Dominador Hilario Castañeda (1904-1967) graduated from the U.P. School of Fine Arts in 1924, and then he readily joined the modernist movement started by Victorio C. Edades (1895 -1985). Castañeda later took further studies at America to the Art Institute of Chicago. Upon his return, he joined the faculty o the U.P. School of Fine Arts, and became its director at a latter point in time. He was also a noted art historian, who wrote “Art in the Philippines” in 1964. Aside from the many awards he received from art competitions, Castañeda was also honored with the Patnubay Sining Award by the City of Manila, in 1971.
Another mural at the serials section echoes the same theme as the one found at the first floor; which is the 1939 “Tirad Pass ably defended by Gen. Gregorio del Pilar” by Ramon Peralta. The artwork imagines the young Gen. Gregorio Hilario del Pilar y Sempio (1875-1899) at the Battle of Tirad Pass (December 2, 1899). Here Del Pilar is shown on his horse as he awaits the oncoming American troops in pursuit of the Philippine President Emilio Aguinaldo. Del Pilar and his men successfully hold back the 33rd Volunteer Infantry Regiment of the Americans, and Aguinaldo escapes. However, Del Pilar also perishes in the encounter. This mural was first located at the U.P. Manila campus, before transferring it to the Diliman campus after World War II.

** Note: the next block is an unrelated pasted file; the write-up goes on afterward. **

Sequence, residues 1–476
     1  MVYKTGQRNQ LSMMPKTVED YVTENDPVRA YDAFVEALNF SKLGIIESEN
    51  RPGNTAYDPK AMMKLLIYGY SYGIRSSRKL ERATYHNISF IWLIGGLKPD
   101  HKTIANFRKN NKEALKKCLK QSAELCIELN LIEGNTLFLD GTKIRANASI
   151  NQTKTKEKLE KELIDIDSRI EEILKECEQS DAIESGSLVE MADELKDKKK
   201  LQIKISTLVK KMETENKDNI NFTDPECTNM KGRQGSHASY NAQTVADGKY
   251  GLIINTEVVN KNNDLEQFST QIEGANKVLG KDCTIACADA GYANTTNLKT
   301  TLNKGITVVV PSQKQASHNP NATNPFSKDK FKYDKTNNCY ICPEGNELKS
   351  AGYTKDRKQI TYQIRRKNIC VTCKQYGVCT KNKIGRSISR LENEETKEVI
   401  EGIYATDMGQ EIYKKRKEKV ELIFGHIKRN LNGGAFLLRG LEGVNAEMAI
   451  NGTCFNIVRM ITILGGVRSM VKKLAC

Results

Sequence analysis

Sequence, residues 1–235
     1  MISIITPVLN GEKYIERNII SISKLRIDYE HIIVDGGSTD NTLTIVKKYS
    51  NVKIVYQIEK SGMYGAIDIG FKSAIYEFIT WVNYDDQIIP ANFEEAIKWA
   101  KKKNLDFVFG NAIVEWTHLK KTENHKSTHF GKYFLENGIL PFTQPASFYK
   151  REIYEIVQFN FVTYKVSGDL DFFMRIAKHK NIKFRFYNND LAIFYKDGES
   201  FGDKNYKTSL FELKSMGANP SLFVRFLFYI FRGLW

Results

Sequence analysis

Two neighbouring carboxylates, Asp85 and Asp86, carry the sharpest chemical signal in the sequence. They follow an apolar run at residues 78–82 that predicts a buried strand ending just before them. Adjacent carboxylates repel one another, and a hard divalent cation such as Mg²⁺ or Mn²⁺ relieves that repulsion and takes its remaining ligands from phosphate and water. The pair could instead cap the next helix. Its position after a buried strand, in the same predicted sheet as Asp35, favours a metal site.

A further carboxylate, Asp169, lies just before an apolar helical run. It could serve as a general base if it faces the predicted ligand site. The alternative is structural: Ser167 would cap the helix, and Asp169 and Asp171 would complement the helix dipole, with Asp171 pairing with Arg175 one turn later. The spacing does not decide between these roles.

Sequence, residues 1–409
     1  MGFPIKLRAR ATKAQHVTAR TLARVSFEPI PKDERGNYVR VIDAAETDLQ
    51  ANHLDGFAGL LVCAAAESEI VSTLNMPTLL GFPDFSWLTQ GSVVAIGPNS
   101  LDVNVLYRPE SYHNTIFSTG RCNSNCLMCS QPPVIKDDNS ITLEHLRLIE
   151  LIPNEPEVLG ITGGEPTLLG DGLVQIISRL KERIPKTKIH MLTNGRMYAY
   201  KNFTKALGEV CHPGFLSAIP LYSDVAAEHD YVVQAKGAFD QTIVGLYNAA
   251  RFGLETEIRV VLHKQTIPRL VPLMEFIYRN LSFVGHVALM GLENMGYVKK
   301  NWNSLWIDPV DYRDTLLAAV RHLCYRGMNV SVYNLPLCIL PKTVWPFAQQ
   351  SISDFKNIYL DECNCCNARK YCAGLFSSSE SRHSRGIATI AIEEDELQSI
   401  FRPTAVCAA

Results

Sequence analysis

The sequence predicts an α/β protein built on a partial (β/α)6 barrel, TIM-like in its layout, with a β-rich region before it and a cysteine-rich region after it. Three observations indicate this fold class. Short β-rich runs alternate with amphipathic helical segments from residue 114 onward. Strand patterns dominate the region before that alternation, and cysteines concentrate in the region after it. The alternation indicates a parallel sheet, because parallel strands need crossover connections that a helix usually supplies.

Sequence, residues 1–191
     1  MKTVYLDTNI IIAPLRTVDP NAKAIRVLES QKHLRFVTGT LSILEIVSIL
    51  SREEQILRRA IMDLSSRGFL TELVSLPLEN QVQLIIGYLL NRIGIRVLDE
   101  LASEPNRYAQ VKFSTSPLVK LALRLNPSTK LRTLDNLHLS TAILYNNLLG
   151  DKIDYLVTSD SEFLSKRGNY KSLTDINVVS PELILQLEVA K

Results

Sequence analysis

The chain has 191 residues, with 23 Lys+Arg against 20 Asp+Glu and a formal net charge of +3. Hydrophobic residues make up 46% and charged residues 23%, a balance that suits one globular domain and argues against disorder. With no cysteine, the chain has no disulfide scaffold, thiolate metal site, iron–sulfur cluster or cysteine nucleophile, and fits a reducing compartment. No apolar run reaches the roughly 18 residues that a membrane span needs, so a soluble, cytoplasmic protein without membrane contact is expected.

Ramón Resurrección Peralta (1877-1940) first took is art studies at the Escuela Superior de Pintura, Escultura y Grabado. As a student, Peralta won several local art competitions, which lead to his successful career as a scenographic painter. He started teaching at the Centro de Artistas, and then moved on to teach at the U.P. School of Fine Arts. Peralta had also garnered international awards, such as Bronze at the St. Louis Universal Exposition of 1904.
Another interesting collection of art can be found at the Judge Guillermo Guevara Room, which was inaugurated in 2012. The room features the collection of Judge Guillermo B. Guevara (1886-1980s), who is considered the founder of Philippine Modern Criminology. Guevara was also a businessman, who owned the Mabuhay Rubber Corporation, a shoe factory. He donated his collection to the University of the Philippines in 1976, but it was only recently when they were put on display. In this collection are writings, diaries, court papers, memorabilia, photographs and paintings.